January 22, 2015 Berlin
“In Sweden”, she says, “they add Vitamin D to their drinking water to make sure people feel good over the Winter.”
It was easy to overhear that conversation; the weather is all people talk about these days. I am not sure that information is even true but it speaks for itself: January is upon us and everyone in this city is clinging to utopian stories about Scandinavia where—as usual—they supposedly have it all figured out.
We have already passed the longest night of the year, so the glass should be half-full—but the days have been muddy and colorless lately, steeping everyone in an all-encompassing melancholia.
When I came to the office this week, three people individually complained to me about the greyness that has been enveloping this city lately. It is gnawing on everyone’s spirit, and sometimes it grasps me as I walk the streets of Berlin, when I suddenly feel a wave of a bad mood coming over me. I can usually shake it off whenever I realize it is there: I look up at the desaturated city surrounding me, its wet streets and bare trees, and I remember that this mood comes from my surrounding, that it has nothing to do with how I actually feel—but with this lack of daylight.
The Berlin Blues is a real thing, but thankfully, this city also offers plenty of distractions: I love the foggy bar windows that I pass at night, through which the light barely manages to shine. I love the hot air coming from the gutters that line the streets, the smell of subway tunnels emanating from them whenever a train passes. Not succumbing to the blues, I am convinced, is a matter of mindfulness: It takes a concerted effort to be stronger than the sky that weights down on you, it takes a focused gaze on things that are beautiful at this time of the year (and at the light at the end of the tunnel, at that).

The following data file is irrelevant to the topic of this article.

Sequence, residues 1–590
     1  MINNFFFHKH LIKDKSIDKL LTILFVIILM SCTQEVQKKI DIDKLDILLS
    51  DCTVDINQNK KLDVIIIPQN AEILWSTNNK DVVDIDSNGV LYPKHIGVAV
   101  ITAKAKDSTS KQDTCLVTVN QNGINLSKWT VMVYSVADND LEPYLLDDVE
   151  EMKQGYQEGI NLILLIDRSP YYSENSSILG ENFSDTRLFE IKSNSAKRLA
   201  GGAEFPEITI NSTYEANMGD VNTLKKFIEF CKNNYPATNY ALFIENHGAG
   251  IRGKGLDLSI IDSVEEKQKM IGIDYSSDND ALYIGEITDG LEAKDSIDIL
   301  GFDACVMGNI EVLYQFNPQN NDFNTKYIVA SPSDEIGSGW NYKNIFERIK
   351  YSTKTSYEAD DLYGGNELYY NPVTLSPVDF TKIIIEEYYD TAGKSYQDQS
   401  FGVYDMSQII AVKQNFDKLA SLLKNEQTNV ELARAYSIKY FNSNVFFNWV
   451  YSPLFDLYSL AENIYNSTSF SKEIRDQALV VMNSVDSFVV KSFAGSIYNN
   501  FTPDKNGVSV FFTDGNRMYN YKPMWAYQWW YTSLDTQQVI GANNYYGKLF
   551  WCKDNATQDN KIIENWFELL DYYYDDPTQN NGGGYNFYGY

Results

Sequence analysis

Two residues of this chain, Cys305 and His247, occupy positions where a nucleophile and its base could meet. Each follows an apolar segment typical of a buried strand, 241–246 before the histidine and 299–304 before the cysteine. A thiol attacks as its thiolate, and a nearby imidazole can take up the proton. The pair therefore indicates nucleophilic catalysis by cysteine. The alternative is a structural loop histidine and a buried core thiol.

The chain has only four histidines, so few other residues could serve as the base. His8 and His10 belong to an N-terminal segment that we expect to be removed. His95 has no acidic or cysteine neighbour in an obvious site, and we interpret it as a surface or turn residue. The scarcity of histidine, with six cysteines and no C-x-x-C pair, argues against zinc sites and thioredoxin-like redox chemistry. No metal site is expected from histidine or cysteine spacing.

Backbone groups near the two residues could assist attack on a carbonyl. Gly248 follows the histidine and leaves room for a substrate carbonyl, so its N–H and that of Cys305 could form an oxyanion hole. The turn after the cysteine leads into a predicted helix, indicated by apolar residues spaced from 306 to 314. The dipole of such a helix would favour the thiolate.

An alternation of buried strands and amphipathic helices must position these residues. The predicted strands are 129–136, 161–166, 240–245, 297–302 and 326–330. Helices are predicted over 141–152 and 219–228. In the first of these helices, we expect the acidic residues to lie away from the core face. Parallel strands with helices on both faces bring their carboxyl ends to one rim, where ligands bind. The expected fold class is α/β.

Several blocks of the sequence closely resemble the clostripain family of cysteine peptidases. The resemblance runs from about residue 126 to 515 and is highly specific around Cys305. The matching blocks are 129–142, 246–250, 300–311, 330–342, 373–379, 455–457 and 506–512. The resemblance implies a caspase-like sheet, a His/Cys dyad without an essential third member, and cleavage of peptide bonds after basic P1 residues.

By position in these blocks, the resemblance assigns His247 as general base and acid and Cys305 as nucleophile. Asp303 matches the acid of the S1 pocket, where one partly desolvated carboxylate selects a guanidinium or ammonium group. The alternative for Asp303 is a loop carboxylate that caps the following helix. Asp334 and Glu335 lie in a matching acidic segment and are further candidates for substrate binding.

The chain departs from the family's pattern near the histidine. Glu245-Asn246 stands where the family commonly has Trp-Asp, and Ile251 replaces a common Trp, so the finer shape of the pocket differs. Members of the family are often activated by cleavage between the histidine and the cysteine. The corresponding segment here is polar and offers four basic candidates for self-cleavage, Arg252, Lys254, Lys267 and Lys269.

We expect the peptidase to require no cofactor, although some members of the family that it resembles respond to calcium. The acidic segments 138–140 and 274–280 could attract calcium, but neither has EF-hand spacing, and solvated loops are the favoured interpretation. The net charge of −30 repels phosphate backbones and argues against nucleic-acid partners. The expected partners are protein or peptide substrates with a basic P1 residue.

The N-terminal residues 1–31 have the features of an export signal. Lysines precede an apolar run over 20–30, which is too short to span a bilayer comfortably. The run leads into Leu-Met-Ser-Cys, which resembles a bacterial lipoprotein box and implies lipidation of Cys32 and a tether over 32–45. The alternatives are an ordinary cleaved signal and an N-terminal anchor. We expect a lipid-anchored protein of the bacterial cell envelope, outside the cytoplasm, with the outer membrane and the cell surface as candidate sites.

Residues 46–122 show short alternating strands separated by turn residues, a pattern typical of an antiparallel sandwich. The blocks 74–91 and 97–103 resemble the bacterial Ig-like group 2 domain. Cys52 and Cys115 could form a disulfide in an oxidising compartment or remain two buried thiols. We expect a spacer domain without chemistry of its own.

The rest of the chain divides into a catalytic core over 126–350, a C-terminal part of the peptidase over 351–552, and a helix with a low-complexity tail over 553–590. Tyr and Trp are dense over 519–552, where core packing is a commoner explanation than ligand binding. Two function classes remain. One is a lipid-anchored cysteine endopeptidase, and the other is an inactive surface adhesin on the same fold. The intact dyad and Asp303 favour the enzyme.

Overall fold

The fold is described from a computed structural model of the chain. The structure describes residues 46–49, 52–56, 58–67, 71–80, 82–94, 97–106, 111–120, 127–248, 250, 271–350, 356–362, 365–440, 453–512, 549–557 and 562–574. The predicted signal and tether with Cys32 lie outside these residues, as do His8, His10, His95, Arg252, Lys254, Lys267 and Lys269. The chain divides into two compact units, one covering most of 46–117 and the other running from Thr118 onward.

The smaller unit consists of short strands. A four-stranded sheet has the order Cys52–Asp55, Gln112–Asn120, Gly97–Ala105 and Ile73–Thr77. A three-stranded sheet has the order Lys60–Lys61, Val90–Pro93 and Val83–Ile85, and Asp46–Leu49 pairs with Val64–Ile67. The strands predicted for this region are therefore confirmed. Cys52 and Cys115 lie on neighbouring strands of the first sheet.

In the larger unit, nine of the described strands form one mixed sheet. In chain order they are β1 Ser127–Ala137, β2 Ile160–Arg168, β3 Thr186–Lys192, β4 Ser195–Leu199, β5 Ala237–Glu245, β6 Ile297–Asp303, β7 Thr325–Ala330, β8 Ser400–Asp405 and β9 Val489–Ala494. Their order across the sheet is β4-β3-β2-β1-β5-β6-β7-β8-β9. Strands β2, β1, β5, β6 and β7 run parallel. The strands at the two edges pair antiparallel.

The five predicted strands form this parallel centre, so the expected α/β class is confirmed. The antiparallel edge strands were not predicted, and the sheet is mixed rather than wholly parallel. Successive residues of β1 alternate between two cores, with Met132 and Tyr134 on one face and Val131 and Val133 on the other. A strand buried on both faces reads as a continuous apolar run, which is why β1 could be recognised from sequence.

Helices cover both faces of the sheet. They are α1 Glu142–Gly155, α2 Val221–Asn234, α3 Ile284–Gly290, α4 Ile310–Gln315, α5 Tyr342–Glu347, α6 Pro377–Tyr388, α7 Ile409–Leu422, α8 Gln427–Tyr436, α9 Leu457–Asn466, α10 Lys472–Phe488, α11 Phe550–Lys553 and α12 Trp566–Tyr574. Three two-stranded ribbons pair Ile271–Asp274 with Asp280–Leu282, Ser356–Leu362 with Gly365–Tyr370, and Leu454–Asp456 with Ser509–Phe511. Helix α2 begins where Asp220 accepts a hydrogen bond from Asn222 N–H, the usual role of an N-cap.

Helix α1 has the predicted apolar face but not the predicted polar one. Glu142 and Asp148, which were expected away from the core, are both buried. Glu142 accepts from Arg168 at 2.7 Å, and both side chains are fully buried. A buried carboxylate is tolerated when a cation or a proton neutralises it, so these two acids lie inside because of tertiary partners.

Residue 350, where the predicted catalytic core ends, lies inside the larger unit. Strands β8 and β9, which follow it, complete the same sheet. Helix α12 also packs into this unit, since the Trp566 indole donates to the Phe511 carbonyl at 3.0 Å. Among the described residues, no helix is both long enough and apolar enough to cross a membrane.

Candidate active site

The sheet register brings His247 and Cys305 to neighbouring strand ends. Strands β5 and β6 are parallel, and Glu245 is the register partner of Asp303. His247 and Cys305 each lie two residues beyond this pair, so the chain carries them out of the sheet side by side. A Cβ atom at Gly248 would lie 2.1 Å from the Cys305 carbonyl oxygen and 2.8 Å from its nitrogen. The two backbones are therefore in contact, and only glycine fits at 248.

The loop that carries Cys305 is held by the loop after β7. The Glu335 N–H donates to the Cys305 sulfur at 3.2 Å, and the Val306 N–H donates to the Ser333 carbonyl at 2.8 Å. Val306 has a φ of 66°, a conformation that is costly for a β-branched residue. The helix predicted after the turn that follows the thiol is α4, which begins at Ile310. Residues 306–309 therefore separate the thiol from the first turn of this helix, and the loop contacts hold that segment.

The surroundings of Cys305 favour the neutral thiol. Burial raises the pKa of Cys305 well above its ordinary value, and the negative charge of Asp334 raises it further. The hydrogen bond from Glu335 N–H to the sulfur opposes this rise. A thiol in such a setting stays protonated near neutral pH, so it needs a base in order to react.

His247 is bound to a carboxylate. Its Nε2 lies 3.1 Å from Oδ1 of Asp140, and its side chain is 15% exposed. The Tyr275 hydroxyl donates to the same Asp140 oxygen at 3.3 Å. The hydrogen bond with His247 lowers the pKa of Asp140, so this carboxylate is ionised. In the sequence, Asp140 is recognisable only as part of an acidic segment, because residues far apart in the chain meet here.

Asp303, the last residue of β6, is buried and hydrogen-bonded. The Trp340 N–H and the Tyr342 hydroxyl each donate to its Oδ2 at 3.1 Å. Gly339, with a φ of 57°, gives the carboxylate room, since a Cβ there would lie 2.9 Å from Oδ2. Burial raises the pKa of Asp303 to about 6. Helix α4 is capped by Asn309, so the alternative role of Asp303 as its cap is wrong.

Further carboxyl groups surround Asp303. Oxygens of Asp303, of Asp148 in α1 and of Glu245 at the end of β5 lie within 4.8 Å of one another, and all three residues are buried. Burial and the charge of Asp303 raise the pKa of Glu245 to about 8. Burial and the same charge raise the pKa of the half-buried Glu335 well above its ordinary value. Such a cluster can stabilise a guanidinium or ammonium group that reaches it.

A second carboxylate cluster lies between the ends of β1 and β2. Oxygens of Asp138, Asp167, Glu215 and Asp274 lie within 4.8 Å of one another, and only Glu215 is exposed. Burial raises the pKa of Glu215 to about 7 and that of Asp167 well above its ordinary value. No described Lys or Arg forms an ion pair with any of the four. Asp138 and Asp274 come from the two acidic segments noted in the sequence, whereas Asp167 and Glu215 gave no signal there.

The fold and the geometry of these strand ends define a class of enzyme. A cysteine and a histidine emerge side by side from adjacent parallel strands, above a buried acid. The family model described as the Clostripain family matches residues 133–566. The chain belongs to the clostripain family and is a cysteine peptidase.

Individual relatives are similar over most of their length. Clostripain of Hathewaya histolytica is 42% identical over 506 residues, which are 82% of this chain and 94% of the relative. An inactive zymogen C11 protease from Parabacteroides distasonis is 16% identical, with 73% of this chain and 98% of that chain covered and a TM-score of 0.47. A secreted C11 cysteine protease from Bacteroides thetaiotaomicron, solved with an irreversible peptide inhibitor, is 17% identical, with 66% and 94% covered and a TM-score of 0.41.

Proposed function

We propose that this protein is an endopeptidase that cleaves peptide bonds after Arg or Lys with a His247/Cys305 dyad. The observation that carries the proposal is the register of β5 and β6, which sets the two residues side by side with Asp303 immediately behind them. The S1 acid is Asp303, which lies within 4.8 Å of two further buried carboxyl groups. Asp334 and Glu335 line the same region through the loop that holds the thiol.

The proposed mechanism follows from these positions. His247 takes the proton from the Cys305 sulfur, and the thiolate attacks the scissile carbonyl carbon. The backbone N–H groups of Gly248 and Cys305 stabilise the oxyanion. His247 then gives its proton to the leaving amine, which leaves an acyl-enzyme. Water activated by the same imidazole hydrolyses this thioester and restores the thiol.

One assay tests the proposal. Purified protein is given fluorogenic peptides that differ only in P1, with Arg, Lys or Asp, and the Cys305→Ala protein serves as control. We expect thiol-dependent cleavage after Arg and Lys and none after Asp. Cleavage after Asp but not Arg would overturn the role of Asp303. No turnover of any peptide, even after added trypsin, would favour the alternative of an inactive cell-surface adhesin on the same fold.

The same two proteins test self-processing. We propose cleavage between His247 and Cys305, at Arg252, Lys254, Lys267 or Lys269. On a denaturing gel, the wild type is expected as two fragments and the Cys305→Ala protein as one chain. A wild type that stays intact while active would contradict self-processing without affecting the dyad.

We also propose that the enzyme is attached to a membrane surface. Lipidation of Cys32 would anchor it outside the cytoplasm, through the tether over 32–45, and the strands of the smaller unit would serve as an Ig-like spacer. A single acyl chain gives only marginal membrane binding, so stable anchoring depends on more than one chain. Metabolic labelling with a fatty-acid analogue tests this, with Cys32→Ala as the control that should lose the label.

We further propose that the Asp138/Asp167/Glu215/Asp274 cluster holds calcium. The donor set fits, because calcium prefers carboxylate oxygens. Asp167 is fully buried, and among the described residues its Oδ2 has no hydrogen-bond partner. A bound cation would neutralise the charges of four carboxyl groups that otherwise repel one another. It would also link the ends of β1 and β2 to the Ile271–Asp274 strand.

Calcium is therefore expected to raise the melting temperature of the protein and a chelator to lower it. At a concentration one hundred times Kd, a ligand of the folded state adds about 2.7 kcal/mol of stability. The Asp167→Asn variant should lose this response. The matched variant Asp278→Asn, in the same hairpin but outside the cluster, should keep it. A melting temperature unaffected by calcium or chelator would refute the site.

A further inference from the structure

Who knows, perhaps it is all about vitamin D. Our bodies are, after all, a wasteland of chemicals, hormones and god knows what kind of processes that make our brains tick the way they do. But perhaps the melancholy that comes with this time of year is like the tide going out—you have to remind yourself that it will eventually come back in. In the meantime, read some books, drink some tea, enjoy the silence and think. And remember that you can as well not let it bring you down.
Elisa: There is no better place for winter melancholia, even melancholia at all, than Berlin. Just try to imagine looking at this grey something standing on Hanovarian pavements, tell you, this makes you want to hang yourself. By the way… Anyone noticed the rise of “Vigantoletten” advertisments on TV? Winter Depression and vitamins seem to be a trending topic these days…